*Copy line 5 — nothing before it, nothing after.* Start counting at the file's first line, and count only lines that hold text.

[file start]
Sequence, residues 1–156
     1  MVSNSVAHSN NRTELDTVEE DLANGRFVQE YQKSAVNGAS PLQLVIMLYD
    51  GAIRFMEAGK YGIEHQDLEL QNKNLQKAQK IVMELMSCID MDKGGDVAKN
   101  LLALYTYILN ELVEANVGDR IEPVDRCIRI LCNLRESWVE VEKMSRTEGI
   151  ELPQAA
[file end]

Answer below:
   151  ELPQAA